It will be appreciated that one or more of the processors, memories, logic and/or components described above may be combined or further sub-divided into discrete components thereof, and that all such implementations, accomplishing the disclosed functionality, are contemplated. Further, operation of the above components/functions may be performed on a periodic or batch basis, such as at the close of trading, and/or in real time continuously throughout the trading day or other window of time. Continuous operation would allow a market participant to monitor their margin requirements with respect to changes in their accounts.
In one embodiment, the disclosed embodiments may operate as follows, assuming three participating exchanges, the first two exchanges utilizing the one bucket model and the third exchange participating with the first two exchanges via the two bucket model: The one bucket model may be applied first, followed by the two bucket model with internal spreads in between. Assume, for this example, that a given market participant holds a long 10 position from a first exchange and short 15 position from a second exchange in their joint account. Executing the one bucket model first, the result is spread of 10 deltas with a delta remaining of short 5 at the second exchange. Next, internal spreads at the second exchange are applied. In particular, the second exchange takes the short 5 resulting from the application of the one bucket model and incorporates it into the second exchange's own internal spreading (intra or inter) processes. Assuming, the second exchange has a long 3 position it can spread against, this results in an internal intra/inter spread of 3 deltas for the second exchange and a delta remaining of short 2. Next, the two bucket model is applied. Assuming for this example that there are remaining 5 long deltas at a third exchange the are eligible for cross margin, the result of the application of the two bucket model is a spread of 2 deltas and a delta remaining of short 3 at the third exchange. Alternatively, the above scenario can be implemented by performing internal spreads at the respective participating exchanges/clearing organizations, followed by the two bucket model and then the one bucket model thereafter. Further, in yet other alternative implementations the one bucket model can be applied prior to the two bucket model, or vice versa, with internal spreads being skipped altogether.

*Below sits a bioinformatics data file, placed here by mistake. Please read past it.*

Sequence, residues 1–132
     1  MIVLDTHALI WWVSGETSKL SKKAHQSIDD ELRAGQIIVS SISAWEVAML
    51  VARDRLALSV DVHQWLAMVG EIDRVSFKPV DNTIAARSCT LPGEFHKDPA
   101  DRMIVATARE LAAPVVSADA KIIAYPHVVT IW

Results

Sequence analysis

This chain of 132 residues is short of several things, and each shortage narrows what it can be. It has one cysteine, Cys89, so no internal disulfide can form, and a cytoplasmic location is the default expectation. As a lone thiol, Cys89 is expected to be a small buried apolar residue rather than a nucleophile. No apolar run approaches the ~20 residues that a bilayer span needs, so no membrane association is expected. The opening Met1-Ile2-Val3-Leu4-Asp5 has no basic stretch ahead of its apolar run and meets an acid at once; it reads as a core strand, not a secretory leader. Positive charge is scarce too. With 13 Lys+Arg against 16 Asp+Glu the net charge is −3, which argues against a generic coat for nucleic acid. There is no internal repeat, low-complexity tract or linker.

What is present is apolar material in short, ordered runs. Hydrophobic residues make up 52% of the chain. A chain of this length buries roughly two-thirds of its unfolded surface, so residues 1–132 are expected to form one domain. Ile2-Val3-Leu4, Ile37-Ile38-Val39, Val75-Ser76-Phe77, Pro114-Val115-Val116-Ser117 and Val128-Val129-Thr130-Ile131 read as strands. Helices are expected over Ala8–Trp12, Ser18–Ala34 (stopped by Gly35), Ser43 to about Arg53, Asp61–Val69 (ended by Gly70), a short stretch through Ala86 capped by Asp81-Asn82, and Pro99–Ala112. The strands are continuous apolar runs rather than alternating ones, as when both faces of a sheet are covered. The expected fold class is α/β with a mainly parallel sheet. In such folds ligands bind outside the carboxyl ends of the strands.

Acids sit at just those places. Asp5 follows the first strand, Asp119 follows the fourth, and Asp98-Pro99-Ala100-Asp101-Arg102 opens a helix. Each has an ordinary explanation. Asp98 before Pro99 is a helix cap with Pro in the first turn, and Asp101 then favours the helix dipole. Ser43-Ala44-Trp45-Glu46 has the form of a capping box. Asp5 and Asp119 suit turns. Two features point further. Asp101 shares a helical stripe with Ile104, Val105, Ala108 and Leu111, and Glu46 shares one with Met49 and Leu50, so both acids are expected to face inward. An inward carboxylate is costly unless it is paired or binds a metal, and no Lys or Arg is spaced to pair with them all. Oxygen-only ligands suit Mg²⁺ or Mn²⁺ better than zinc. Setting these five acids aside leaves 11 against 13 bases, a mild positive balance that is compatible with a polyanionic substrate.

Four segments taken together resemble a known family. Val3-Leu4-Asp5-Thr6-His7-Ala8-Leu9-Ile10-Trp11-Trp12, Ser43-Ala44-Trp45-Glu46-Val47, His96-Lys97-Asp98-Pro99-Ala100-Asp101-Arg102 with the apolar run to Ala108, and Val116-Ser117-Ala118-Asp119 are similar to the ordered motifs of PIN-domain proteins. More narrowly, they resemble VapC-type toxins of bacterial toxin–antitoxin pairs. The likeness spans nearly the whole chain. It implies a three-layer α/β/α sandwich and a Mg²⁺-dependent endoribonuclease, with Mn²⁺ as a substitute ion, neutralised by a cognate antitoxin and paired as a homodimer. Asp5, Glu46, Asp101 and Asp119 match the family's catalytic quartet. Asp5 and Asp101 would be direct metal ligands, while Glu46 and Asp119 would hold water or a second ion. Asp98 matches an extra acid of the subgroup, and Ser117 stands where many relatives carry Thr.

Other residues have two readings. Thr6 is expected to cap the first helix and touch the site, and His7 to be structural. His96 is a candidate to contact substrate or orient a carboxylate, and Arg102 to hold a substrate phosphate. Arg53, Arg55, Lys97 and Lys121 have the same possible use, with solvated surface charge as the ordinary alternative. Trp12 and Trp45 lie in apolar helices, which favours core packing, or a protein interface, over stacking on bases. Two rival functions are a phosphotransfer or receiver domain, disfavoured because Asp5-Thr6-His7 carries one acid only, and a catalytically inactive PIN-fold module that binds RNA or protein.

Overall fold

It is therefore intended that the foregoing detailed description be regarded as illustrative rather than limiting, and that it be understood that it is the following claims, including all equivalents, that are intended to define the spirit and scope of this invention.
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|U.S. Classification||705/38, 705/35|
|Cooperative Classification||G06Q40/025, G06Q40/06, G06Q40/04, G06Q40/00|
|European Classification||G06Q40/04, G06Q40/06, G06Q40/025, G06Q40/00|
|Jun 14, 2006||AS||Assignment|
Owner name: CHICAGO MERCANTILE EXCHANGE INC., ILLINOIS
Free format text: ASSIGNMENT OF ASSIGNORS INTEREST;ASSIGNORS:GLINBERG, DMITRIY;GOGOL, EDWARD;YOO, TAE SEOK C.;REEL/FRAME:017975/0661;SIGNING DATES FROM 20060607 TO 20060609
Owner name: CHICAGO MERCANTILE EXCHANGE INC., ILLINOIS
Free format text: ASSIGNMENT OF ASSIGNORS INTEREST;ASSIGNORS:GLINBERG, DMITRIY;GOGOL, EDWARD;YOO, TAE SEOK C.;SIGNINGDATES FROM 20060607 TO 20060609;REEL/FRAME:017975/0661
|Mar 21, 2014||FPAY||Fee payment|
Year of fee payment: 4